In May, I stepped onto the plane knowing that in less than 24 hours, I would be in Vietnam starting my internship at Benh Vien Hung Vuong. The objective of my internship was to learn how doctors can provide care for such an abundant amount of patients and how their skills differed from doctors in America.
As I maneuvered from one department to another, I observed the function of each department and gained a holistic view of the hospital. Of course, every department must work together to keep the hospital running, and I realized more than ever how vital it is for each department to communicate and work closely with one another. Doctors and nurses are always on high alert to make sure every test, result and diagnosis is made correctly, or to the best of their ability, and provide patients with quality care.
During my four weeks at Benh Vien Hung Vuong, I went to the imagining department, delivery department, operation department, neonatal intensive care unit (NICU) and high risk pregnancy department. I have seen countless cesarean sections and natural deliveries. I have seen birth and I have seen death. I have been overcome with the joy of hearing a baby’s first cry and I have witnessed a mother’s pain knowing her baby had died.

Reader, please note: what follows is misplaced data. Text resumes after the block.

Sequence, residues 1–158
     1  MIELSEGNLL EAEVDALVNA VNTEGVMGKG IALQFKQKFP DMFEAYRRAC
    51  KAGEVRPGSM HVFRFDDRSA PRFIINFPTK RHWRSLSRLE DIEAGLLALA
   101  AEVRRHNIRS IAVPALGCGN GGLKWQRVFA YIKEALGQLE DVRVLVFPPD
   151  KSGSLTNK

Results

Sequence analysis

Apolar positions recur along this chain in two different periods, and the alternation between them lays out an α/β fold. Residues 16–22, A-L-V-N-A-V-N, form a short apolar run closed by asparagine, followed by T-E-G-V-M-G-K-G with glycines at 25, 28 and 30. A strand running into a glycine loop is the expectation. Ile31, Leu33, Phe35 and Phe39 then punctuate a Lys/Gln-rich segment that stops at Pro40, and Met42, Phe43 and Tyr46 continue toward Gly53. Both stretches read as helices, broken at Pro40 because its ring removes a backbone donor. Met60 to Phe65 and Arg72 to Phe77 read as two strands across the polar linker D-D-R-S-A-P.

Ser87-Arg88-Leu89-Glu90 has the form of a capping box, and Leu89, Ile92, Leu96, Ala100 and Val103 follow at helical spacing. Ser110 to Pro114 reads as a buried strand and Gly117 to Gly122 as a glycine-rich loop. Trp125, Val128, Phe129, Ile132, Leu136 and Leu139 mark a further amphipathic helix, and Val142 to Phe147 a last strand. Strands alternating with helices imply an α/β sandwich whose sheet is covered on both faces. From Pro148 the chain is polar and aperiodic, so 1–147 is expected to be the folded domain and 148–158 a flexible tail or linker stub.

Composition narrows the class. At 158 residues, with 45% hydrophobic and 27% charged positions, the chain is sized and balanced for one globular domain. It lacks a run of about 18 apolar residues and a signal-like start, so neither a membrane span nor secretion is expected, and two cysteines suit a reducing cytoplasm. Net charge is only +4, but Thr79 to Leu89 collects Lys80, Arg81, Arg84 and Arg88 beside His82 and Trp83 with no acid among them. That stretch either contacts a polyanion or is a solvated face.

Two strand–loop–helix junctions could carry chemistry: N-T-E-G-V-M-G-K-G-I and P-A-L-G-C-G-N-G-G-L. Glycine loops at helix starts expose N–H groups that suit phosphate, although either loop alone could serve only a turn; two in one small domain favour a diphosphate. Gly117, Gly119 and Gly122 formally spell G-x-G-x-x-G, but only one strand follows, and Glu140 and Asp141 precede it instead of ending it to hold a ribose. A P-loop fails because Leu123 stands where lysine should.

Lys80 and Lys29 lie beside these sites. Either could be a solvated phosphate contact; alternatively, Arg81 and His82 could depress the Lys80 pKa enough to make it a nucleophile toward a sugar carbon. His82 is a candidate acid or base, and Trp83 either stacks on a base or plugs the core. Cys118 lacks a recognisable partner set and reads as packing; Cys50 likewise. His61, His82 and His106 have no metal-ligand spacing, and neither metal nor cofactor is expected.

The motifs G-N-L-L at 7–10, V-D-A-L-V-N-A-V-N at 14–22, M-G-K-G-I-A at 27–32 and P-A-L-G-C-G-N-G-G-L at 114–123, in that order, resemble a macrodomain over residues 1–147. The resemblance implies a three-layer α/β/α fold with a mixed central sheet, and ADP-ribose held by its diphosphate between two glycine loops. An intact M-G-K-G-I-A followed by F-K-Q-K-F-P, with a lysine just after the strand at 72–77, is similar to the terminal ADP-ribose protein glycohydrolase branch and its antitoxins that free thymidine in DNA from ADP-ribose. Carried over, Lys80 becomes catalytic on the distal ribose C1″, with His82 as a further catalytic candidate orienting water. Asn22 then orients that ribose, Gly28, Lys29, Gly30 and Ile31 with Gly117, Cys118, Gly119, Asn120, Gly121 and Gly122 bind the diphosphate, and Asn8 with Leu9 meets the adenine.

The doctors in the high-risk pregnancy department have become my little family. They have taught me all that I know in obstetrics and gynecology. What I have learned from them is beyond the concepts from science and medicine. I have learned what passion looks like. I have seen these doctors work countless hours, day and night, to make sure mother and baby are safe.
I promised myself that I needed to explore the medical field from another perspective. It is eye-opening and fascinating to see doctors in action, saving lives and giving people a greater promise for the future, but I wanted to see the raw side. I wanted to see the stress, burdens and responsibilities that come with this occupation. I wanted to be there with them during their stressful night shifts operating on patients and delivering babies. I wanted to experience the roller coaster of emotions. I needed to understand that being a doctor is beyond the applause, fame, and glory of having M.D. as a title. Life is not promised, but being a doctor means you will do anything within your capabilities to make sure your patients have a chance at life. This all is a great commitment and I believe that the one thing that all these doctors have in common is passion. I hope my passion will help me overcome the obstacles and seeming impossibilities that I will face, so that one day I will be a great physician like those I have met and those I aspire to be like.